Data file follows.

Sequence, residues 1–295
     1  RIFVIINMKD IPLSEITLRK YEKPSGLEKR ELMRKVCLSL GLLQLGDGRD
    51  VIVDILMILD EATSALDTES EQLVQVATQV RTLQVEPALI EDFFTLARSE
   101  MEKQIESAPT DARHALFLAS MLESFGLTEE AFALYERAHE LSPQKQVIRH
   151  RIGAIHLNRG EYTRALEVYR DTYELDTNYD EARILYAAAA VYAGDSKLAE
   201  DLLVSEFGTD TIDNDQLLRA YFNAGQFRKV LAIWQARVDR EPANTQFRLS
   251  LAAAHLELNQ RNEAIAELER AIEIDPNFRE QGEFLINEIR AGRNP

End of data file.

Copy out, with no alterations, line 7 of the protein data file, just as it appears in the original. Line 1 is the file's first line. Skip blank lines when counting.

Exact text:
   251  LAAAHLELNQ RNEAIAELER AIEIDPNFRE QGEFLINEIR AGRNP